The ordinance that pertains to dogs being off-leash has struggled to clearly define how a dog should be leashed and what exactly defines an animal as being under control. This Bellingham, Washington municipal code was first written in 1995.
The revision which the City Council reviewed on Feb. 28, is focused on fixing the issue of defining control.
The ordinance saw a single revision back in August 2021 that cleaned up some of the language in regards to the way it referenced other municipal codes. The latest revision aims to adjust the language to better clarify the definition of an owner keeping their dog under control.
The revised ordinance is also striking the term owner and dog in favor of responsible party and animal accordingly.
“The parks department has a citizen dog task force that has been meeting over the prior year,” said Nicole Oliver, director of Parks and Recreation. “[They] came back with a recommendation that a leash length would not help the problem at this point — that what we really needed to do was clarify what it meant to be under control.”
She said the proposed change determines that an animal is not considered under control if it comes into contact with another person or animal. That animal could be another person’s pet or wildlife.
“The group and the park board subsequently recommended approval of this approach as an increase in education signage,” she said. “To try and really improve people's understanding of what the rules are and try to approach it that way rather than jumping to enforcement of something that we're already having a hard time enforcing, which is leashes, to begin with.”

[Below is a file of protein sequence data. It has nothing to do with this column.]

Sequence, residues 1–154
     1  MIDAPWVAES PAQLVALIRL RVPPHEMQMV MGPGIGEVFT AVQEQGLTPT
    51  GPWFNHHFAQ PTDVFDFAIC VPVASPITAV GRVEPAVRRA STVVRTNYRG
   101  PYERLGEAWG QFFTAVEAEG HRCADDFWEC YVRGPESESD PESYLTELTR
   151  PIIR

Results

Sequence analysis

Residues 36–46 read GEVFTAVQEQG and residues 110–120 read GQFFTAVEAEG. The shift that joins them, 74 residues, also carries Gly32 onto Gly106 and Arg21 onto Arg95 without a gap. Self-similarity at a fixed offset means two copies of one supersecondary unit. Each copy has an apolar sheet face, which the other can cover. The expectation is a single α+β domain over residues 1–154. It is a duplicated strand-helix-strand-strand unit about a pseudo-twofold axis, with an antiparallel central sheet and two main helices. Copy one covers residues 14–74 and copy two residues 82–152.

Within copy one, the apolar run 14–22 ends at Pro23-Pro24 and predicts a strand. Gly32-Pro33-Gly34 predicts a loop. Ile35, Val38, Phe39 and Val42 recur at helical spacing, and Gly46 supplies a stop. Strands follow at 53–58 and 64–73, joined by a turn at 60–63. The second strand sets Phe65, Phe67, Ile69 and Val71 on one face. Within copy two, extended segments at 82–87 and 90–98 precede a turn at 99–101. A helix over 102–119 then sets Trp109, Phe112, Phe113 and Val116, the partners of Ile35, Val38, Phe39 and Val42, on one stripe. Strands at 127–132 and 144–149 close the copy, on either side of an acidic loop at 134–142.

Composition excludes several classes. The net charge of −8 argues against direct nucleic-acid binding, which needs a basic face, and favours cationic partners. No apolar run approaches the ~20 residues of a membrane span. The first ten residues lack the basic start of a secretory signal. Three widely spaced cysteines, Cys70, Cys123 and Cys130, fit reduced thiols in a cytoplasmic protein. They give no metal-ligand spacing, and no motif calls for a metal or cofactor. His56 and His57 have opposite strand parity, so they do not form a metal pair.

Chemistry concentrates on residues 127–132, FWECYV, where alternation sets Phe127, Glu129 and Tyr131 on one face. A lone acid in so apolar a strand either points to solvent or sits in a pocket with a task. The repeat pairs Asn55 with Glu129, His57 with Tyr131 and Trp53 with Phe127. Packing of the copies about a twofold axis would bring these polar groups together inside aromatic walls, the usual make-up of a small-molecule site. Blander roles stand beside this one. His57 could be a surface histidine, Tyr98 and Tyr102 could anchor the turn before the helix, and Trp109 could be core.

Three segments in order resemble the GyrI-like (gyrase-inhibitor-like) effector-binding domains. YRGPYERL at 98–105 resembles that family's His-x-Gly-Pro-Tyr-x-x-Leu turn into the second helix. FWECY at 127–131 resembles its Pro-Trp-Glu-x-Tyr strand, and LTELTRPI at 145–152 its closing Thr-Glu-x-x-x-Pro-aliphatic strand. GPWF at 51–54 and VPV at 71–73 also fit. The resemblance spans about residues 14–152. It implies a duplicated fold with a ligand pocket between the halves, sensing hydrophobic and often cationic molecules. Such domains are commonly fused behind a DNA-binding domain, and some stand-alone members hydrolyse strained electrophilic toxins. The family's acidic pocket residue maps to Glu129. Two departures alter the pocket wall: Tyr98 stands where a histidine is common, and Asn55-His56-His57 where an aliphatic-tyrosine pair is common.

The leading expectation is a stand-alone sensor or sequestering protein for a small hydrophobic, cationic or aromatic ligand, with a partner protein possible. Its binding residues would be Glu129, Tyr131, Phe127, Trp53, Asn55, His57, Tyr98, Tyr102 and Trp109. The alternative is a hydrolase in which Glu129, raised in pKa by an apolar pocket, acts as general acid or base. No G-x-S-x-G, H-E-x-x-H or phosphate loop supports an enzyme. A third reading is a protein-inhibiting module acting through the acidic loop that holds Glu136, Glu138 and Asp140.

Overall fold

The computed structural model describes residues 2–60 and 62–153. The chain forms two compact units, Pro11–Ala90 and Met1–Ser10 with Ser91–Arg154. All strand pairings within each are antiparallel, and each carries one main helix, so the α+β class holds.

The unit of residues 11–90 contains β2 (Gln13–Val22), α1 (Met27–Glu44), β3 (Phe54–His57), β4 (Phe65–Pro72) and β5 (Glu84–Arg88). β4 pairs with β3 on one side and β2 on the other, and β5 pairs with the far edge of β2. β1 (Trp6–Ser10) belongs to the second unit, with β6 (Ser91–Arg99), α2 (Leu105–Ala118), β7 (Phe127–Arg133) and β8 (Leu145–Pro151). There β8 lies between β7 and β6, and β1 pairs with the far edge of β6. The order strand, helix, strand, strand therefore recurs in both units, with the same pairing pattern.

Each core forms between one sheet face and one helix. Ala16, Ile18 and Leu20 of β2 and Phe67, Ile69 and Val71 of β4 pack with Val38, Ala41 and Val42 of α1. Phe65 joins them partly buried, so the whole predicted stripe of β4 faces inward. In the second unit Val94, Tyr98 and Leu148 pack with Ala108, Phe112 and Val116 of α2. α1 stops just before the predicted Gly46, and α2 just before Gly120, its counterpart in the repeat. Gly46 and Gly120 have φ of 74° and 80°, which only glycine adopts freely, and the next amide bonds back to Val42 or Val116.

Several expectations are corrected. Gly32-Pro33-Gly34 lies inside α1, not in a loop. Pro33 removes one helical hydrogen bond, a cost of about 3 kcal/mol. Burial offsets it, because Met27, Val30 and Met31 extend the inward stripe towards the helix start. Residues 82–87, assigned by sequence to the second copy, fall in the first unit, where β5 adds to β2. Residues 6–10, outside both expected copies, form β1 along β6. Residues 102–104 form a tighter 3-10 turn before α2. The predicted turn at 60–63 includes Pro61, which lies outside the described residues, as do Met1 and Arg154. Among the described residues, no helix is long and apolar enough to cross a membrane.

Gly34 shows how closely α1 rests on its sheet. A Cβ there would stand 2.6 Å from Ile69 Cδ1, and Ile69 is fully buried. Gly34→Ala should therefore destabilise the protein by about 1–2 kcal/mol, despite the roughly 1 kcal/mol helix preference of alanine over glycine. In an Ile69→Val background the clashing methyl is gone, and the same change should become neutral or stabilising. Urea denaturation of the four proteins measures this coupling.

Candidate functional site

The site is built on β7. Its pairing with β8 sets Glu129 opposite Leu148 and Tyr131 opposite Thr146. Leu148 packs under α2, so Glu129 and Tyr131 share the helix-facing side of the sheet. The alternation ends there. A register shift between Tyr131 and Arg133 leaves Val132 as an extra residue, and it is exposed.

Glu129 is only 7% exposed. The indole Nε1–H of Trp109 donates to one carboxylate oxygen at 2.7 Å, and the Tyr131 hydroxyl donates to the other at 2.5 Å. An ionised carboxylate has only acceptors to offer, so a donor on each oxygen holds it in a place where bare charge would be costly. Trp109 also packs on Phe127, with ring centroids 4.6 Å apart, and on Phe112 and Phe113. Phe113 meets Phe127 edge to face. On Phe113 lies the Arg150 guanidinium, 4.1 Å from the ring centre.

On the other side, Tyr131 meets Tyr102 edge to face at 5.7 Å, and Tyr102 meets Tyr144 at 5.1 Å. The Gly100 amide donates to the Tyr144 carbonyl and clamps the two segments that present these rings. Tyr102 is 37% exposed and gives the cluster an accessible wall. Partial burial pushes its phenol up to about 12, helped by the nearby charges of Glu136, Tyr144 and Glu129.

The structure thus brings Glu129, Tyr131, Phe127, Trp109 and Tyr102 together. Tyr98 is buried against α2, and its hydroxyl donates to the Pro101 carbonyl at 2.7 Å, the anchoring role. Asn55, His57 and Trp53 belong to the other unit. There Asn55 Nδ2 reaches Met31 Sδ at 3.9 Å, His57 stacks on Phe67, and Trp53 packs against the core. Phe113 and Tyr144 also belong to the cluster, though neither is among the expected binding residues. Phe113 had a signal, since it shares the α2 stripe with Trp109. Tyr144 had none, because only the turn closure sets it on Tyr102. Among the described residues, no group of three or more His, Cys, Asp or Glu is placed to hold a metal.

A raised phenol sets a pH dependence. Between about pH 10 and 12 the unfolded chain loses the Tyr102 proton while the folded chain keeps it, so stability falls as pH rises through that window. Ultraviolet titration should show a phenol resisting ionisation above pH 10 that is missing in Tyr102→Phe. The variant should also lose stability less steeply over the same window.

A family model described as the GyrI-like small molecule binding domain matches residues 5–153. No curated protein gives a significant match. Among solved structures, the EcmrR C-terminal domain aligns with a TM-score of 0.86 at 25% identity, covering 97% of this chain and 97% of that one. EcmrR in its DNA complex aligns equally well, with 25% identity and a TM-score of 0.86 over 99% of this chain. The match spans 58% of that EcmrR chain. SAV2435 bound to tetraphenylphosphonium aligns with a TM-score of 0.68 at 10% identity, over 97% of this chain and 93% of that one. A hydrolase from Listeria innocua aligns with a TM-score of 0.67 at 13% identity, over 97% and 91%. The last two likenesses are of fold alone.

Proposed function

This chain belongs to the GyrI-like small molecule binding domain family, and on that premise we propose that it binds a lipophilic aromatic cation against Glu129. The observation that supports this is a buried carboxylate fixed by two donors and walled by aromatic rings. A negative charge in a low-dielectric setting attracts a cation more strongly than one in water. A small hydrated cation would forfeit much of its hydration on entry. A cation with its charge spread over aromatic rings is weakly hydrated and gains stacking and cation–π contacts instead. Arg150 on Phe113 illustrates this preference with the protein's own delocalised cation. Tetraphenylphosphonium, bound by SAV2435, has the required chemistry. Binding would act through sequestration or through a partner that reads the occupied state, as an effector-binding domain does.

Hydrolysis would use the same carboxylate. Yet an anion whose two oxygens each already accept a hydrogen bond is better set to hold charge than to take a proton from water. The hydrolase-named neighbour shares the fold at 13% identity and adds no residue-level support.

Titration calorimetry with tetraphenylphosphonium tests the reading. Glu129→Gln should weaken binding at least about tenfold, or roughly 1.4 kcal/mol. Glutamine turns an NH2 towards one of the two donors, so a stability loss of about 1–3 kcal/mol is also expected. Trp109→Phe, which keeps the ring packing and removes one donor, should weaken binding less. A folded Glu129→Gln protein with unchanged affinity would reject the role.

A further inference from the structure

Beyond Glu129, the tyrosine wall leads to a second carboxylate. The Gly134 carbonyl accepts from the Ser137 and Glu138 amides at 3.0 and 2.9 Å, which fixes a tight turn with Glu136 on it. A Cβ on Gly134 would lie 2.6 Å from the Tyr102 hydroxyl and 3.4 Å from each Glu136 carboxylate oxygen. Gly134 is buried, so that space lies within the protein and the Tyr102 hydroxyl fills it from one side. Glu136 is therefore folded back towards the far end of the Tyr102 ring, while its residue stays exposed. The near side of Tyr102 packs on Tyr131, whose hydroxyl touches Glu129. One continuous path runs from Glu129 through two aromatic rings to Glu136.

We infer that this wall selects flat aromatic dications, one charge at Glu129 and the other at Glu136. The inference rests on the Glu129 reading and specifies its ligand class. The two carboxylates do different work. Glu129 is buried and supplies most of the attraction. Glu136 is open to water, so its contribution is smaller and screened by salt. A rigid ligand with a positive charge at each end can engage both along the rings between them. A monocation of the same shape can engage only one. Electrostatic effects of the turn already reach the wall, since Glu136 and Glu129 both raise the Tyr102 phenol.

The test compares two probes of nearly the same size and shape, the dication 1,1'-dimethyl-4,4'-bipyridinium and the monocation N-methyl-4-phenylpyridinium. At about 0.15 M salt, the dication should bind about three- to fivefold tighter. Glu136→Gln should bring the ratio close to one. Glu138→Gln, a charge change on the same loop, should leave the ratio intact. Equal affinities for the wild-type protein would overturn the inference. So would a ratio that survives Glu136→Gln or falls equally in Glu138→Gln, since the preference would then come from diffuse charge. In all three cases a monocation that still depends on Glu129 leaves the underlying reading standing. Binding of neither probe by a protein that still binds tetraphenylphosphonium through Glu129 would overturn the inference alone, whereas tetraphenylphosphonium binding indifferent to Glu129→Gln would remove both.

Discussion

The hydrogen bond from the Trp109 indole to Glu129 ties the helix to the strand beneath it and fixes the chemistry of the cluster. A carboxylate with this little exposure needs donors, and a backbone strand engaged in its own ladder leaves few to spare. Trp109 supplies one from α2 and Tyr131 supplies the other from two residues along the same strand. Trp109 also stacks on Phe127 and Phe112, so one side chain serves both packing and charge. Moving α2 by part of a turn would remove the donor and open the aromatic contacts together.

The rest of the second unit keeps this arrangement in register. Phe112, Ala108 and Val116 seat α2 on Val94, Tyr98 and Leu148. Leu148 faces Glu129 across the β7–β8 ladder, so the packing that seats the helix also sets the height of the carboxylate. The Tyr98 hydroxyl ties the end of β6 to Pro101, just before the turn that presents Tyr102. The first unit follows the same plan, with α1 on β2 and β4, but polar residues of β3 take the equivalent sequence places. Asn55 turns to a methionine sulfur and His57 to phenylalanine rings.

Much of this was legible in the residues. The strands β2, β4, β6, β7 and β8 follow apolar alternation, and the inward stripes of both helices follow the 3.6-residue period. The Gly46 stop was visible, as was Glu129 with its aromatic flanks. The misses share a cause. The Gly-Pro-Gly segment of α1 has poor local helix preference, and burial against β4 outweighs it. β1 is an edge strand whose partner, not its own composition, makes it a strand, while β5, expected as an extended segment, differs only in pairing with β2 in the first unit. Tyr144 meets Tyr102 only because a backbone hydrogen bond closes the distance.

Nicholas Ferguson, a dog owner who often takes hikes with his dog to places like Larrabee State Park, said he thought an update to the code was a good idea, but he had some concerns based on how exactly it gets executed.
“I think it definitely sounds like [the new language] puts more emphasis on the owner to have proper control over an animal,” he said. “One problem that I see is enforcing it, you're going to have tons of opportunity to point out that an animal isn't under proper control, but the only real way to, for sure, tell that is after something has already happened.”
Ferguson said he wondered if there could be a way to make the law clarify an actual distance that a dog had to remain away from other people or animals, that way the ordinance could be enforced before someone was injured.
Lieutenant Claudia Murphey of the Bellingham Police Department said that 2022 has already had one incident involving a dog bite. She had also heard about the parks’ request for limited commission which would give them the authority to write notices of infractions, a system that has been very beneficial in the past for the police.
“It empowers the Parks Department employees to be able to handle these civil infractions at the time of occurrence instead of having to call police, who might be investigating a higher priority case and not being able to respond,” she said. “That would mean there are no consequences for those committing the civil infraction, as we have to see those to issue a ticket.”
The City Council approved the first and second reading of the ordinance, and the final reading is planned for March 14. The ordinance will go into effect 15 days after this final reading.
Chauncey Gummere (he/him) is one of the city news reporters for the Front this quarter. He is a third-year, majoring in Journalism with an emphasis on Public Relations. Chauncey’s most recent writing accomplishment was free-lancing for an Australian gaming company.